Another rep from Boehm where he misses Alonso in space. This may be the worst rep of all because he actually does establish good position initially in front of Alonso. The main problem here is that Boehm just doesn’t get his hands up and on Alonso before he makes his move inside. Boehm has to get his hands up and on quicker linebackers or they are simply going to go around him to make plays. He has the strength advantage over players such as Alonso, he needs to use it. Use your hands, control the block, and open up the run lane.

Now I have been a bit hard on Boehm so far in this piece. So let me show a clip on something I absolutely love about him. He was really solid in pass pro on Sunday, particularly in finding work. The Dolphins run a 4-3 defense so rarely is there a player lined up over the center on pass blocking attempts. As a result, Boehm is tasked with having to find work on unsuspecting lineman already engaged with guards. On this rep, Boehm lays out the defensive lineman engaged with Mark Glowinski after scanning for any late rushers. I love this bully mentality to find work and put defenders on the ground.

Now every clip I have shown so far was Boehm in the first half. The rest of the clips are in the second half of the game on Sunday and you’ll notice a player getting better as the game went on. I mentioned earlier that Boehm impressed me a lot in pass blocking on Sunday. One area where I was really impressed though was in his handling and diagnosing of stunts up front. This is something that Nelson, Kelly, and quite frankly most guards really struggle with in their first few starts in the NFL. Boehm however handles these like a veteran as he is very patient and does not get pulled out of position when handling stunts. He is able to shut down the stunt from Cameron Wake with ease on this play.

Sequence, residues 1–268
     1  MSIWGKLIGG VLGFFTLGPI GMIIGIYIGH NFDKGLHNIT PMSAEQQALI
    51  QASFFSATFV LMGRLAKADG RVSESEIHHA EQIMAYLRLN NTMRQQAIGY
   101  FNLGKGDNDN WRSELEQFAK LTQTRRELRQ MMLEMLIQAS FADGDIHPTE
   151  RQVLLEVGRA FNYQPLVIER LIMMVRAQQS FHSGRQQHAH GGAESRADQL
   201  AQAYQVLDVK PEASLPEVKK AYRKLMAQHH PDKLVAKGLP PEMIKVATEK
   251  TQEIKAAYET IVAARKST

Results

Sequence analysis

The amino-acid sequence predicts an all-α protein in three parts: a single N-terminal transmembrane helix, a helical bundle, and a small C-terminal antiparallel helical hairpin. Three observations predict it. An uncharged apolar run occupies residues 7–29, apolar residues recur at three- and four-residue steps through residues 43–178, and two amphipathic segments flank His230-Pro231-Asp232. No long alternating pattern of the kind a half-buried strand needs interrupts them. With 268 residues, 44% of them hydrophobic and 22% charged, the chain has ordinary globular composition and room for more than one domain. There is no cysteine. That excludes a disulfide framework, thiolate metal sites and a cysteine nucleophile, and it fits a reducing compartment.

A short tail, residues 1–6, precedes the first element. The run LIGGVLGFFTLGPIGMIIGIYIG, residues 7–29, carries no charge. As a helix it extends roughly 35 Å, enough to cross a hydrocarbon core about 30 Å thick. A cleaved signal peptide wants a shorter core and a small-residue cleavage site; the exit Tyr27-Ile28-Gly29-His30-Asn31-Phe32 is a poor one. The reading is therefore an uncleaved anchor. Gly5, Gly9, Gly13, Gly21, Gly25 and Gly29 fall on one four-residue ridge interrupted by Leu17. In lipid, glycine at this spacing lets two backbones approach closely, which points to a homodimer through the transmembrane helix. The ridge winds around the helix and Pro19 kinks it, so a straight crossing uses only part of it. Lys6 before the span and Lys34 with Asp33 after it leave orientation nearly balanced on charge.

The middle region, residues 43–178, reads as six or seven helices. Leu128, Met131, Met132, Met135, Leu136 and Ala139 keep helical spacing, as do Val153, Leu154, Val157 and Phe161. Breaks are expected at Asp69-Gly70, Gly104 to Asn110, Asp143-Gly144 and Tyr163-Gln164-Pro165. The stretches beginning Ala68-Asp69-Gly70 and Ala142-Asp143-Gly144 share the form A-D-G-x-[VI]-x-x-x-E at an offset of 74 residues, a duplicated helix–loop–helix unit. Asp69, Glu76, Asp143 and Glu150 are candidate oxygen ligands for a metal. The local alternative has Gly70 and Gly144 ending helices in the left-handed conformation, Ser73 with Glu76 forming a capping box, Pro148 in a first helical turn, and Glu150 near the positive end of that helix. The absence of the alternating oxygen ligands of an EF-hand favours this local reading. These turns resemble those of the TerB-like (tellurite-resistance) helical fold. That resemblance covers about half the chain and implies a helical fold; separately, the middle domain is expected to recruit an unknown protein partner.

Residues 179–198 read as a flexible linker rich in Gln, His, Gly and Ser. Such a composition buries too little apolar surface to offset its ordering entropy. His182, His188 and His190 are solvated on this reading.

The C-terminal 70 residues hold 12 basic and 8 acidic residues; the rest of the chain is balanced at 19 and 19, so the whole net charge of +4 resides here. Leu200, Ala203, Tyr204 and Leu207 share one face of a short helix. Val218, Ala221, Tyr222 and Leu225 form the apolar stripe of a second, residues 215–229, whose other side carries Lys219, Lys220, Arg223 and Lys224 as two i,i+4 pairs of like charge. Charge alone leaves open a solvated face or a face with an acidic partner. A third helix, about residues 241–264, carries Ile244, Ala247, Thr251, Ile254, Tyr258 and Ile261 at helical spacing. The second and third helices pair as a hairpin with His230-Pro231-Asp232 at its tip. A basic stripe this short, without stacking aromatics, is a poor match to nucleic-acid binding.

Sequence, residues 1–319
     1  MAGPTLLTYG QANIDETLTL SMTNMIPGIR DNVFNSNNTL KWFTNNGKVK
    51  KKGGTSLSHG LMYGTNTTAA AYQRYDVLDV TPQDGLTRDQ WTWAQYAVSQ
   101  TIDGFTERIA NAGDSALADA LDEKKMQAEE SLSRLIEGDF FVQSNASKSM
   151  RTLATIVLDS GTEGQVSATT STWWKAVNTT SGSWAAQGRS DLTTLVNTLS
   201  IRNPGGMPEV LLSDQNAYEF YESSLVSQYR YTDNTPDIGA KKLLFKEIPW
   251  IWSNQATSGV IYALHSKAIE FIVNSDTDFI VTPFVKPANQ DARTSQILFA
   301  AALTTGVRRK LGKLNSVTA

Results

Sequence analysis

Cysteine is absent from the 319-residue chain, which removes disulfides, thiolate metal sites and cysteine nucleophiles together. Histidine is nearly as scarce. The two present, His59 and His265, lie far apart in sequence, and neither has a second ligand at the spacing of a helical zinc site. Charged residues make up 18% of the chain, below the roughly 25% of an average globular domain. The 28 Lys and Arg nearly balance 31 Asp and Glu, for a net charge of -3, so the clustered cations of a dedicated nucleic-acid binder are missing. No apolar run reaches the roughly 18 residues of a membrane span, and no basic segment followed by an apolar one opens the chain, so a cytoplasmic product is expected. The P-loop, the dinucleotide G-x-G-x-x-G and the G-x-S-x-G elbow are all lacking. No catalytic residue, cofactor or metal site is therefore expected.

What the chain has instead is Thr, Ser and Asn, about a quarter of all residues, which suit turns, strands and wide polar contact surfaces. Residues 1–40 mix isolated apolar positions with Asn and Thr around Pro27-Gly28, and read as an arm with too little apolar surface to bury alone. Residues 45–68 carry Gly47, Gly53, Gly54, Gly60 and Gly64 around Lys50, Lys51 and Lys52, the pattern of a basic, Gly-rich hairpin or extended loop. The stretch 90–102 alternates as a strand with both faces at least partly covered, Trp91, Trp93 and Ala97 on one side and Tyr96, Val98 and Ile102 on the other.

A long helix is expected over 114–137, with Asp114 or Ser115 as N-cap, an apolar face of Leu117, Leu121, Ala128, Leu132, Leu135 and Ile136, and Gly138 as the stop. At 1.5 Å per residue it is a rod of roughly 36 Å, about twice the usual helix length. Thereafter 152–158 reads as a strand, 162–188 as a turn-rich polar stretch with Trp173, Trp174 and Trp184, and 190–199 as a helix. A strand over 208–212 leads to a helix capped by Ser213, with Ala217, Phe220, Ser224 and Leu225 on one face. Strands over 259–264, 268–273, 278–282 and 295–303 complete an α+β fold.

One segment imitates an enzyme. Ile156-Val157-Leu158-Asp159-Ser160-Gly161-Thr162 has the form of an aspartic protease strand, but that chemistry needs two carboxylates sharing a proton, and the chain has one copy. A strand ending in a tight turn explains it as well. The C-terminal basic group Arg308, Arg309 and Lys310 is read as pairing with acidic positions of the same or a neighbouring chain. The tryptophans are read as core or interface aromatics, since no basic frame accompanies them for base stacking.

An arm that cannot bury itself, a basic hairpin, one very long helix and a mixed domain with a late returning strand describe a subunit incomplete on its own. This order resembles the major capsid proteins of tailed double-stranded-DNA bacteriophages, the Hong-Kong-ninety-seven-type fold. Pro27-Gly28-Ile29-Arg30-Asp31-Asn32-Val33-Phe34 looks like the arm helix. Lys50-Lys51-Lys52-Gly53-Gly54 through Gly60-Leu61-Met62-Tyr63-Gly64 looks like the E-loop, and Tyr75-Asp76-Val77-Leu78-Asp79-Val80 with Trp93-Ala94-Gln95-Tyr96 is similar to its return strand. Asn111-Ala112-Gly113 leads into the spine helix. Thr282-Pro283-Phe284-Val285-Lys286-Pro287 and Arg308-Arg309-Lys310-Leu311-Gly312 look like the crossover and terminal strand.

The Dolphins really didn’t test Boehm much with one on one reps, which shocked me quite a bit. Here is one of those rare plays where Boehm was tasked with blocking a defensive tackle one on one on a blitz. The defensive lineman— Ziggy Hood— attempts to get up field on Boehm and actually does get a good jump off of the snap. Boehm does a great job of executing the “snatch and trap” technique of blocking to get Hood onto the ground. He notices that Hood’s leverage is pulling him forward and Hood is off balance. Boehm then pulls Hood’s arms down, leading to him falling forward and giving Andrew Luck and open throwing lane. Excellent blocking by Boehm here.